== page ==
Tattoo’s have been around for centuries. Humans have used these skin deep markings on their body to portray many different things. In the past tattoos were used for expressing religious belief or even to show social status, but tattoos have always been a personal way of expressing oneself even in our generation, generation Z.
It is estimated that roughly 20% of Americans are tattooed. Of those, 40% are Millennials, the generation preceding generation Z. Although many in our generation are too young to get a tattoo, there is more interest in it.
“I think tattoos are on the rise because people feel the right to express themselves more now than they did in past generations. Also it has just become popular and normal in our culture. Tattoos give people a sense of individuality that people are striving to distinguish themselves from others and be different. Most tattoos are custom or have some meaning which makes them more unique and personal, ” said senior Joy Van Wyngarden.
“Body art” has always been a way of self expression, a way of defining yourself when you may not even know yourself yet. Tattoos are becoming more of a cultural norm than ever before. Senior Sarah Downs traveled to Italy for her junior year to be a foriegn exchange student. In Italy she got a tattoo.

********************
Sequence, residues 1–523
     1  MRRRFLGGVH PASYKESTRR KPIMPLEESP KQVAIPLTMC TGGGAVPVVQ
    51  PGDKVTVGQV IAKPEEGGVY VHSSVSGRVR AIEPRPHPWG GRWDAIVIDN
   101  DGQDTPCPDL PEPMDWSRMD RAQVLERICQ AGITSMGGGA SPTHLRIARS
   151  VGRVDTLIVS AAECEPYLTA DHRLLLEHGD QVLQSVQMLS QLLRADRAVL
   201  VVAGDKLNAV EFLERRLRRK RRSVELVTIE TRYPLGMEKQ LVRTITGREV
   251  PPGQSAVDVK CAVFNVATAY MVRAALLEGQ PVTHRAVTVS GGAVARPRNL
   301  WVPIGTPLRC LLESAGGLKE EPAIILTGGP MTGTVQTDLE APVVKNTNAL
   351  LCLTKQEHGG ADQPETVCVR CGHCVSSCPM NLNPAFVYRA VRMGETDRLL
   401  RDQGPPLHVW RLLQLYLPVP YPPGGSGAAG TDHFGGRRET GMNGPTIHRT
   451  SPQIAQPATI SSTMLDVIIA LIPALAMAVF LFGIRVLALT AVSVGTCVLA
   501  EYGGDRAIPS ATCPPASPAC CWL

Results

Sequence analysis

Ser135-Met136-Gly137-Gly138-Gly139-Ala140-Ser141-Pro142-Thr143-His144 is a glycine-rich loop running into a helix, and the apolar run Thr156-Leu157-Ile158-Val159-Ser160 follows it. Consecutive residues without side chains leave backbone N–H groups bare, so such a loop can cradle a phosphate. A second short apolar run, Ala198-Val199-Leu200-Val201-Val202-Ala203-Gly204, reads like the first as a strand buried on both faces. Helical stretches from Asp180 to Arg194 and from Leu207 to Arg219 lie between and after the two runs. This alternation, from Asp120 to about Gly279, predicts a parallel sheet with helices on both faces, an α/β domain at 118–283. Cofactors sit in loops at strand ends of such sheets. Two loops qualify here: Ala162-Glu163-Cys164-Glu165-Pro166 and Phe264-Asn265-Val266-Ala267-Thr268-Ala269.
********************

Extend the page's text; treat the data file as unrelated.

“My tattoo is Pella’s ZIP code and where I lived in Italy’s ZIP code. My tattoo means a lot to me because it symbolizes where I’ve come from and where I’ve grown up. I definitely believe that tattoos can give a person a sense of self image. Mine, it’s part of who I am. I come from Pella but I grew up I mean I matured and became an adult. I can’t wait to add more ZIP codes,” said Downs.
Beth Holcomb, a staff member, grew up in the Baby Boomer generation. She has a much different perspective on body art.
“Tattoo’s were definitely a social taboo when I was growing up. My parents wouldn’t talk or approve of them. Since they grew up in the depression, they thought it was silly and a waste of money,” said Holcomb. “I think that attitude has definitely changed about tattoos. I got one when I was 48 with my friend that was 50 for her birthday. I think this generation is looking for ways to express their individuality. I do want kids to think about the long term effect of tattoos. I’ve had more than one student, friend, or even family member that has gotten a visible tattoo that has grown up a little and thought they were silly. Everyone should think about it before putting something permanent on their body.”
•Sammy Boetger, firstname.lastname@example.org